Language matters. As Andrea Dworkin – a trans ally – once said: “Men have defined the parameters of every subject.” They still do. It is not transphobic for women to name our experiences as females and mothers. To insist our bodies matter and that our losses are real. It is a matter of life and death.
A soup kitchen isn’t the obvious setting for romance. But when John Warren decided to volunteer for the homeless charity Caritas of Austin in January 2006, it wasn’t long before he spotted Laura Thomas. “I was working in the kitchen when I watched her walk across the room, so I tried to make eye contact. She immediately told me to put gloves on,” he says, laughing. As soon as she left, he put on the latex gloves required for hygiene reasons and, the next time she passed, waved to show that he was wearing them.
Laura, who was responsible for arranging music events at the shelter, thought John was “cute”. “A month later, we met again and started chatting at the kitchen,” she says. Although there was a spark, the volunteer coordinator told Laura that John had a girlfriend. “I thought he was a jerk. I didn’t understand why he was flirting with me if he was with someone.” In reality, he had separated from his partner. Due to the misunderstanding, John and Laura started dating other people. “He brought a date to the benefit fundraiser event I was organising,” says Laura. “I thought that was his long-term girlfriend.”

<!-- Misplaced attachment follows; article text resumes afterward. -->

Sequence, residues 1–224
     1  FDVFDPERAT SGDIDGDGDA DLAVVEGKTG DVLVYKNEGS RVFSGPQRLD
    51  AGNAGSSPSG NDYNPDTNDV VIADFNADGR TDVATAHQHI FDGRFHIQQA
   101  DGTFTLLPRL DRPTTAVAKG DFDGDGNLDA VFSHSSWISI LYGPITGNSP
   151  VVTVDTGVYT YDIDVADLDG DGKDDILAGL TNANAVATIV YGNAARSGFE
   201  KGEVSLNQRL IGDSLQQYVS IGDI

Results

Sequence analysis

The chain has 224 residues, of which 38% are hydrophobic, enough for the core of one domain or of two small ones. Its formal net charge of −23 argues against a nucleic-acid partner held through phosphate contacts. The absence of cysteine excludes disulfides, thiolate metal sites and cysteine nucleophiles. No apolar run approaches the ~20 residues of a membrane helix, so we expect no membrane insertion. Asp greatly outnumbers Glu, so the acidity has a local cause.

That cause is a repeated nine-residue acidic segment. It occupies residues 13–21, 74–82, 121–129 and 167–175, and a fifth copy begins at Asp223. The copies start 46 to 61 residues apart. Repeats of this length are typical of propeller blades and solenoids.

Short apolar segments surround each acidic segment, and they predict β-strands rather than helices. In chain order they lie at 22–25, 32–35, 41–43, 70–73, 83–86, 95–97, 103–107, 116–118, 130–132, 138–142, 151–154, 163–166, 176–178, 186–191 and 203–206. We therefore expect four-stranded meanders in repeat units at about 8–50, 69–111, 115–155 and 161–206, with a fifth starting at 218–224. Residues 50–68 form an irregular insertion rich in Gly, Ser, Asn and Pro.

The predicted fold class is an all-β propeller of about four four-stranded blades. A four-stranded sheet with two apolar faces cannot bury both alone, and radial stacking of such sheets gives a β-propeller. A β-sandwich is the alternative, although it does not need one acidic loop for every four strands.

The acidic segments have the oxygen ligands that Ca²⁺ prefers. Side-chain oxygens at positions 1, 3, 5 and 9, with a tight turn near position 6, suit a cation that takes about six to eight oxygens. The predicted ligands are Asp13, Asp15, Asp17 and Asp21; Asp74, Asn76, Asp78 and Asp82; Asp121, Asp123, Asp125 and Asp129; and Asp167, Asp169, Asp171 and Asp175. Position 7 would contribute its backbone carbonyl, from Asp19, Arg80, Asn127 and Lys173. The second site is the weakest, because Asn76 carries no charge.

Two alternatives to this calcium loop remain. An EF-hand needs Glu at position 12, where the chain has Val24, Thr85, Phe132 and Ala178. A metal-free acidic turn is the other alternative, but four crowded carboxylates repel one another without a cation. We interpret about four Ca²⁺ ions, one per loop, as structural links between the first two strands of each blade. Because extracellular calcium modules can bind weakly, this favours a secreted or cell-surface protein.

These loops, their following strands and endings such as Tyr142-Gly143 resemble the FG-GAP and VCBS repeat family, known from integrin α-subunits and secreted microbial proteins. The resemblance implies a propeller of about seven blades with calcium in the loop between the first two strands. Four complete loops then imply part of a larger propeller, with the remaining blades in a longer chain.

When his profile popped up on a dating website that Laura was using, it prompted her to ask about his relationship status. “We finally realised we were both single and liked each other,” she says. In April 2006, they went on their first proper date, to a wine bar in South Austin, followed by dinner at a restaurant. “I was really interested in everything she had to say,” says John. “There was something special there.” She felt he was different because he asked so many questions: “On previous dates, most men had just talked about themselves.”
Laura had never married, but discovered that John was divorced and had two daughters, aged 17 and 20. “I had been prejudiced about dating divorced men but John made me realise that was silly,” she says. The couple bonded over their shared love of travelling, their passion for nature and their strong family values.
“We both love camping and hiking. I think I knew Laura was the one when I went to her house and realised she had more camping gear than me,” John says, laughing. The relationship became serious quickly and the pair discussed marriage. In October, they went to a music festival in San Francisco, where John popped the question. “I knew he was going to ask because he was acting weird,” she remembers. The couple had a barefoot wedding the following May in a Catholic church. “I’d previously done volunteer work in India and it was a mark of respect to remove your shoes in religious places,” says Laura. “We offered our guests the opportunity to do it too if they wanted.” It was followed by a DIY party at John’s home, where they turned the garage into a dancefloor. Instead of wedding gifts, they requested donations to the soup kitchen where they had met.
Laura moved into her husband’s house shortly after the wedding, which she admits was a “learning curve”. “It was a bit of a shock to the system as I had to move to a different part of the city, and we had not lived together before we married. But it worked and now I have a great relationship with his children, too. We spend a lot of time with our families.”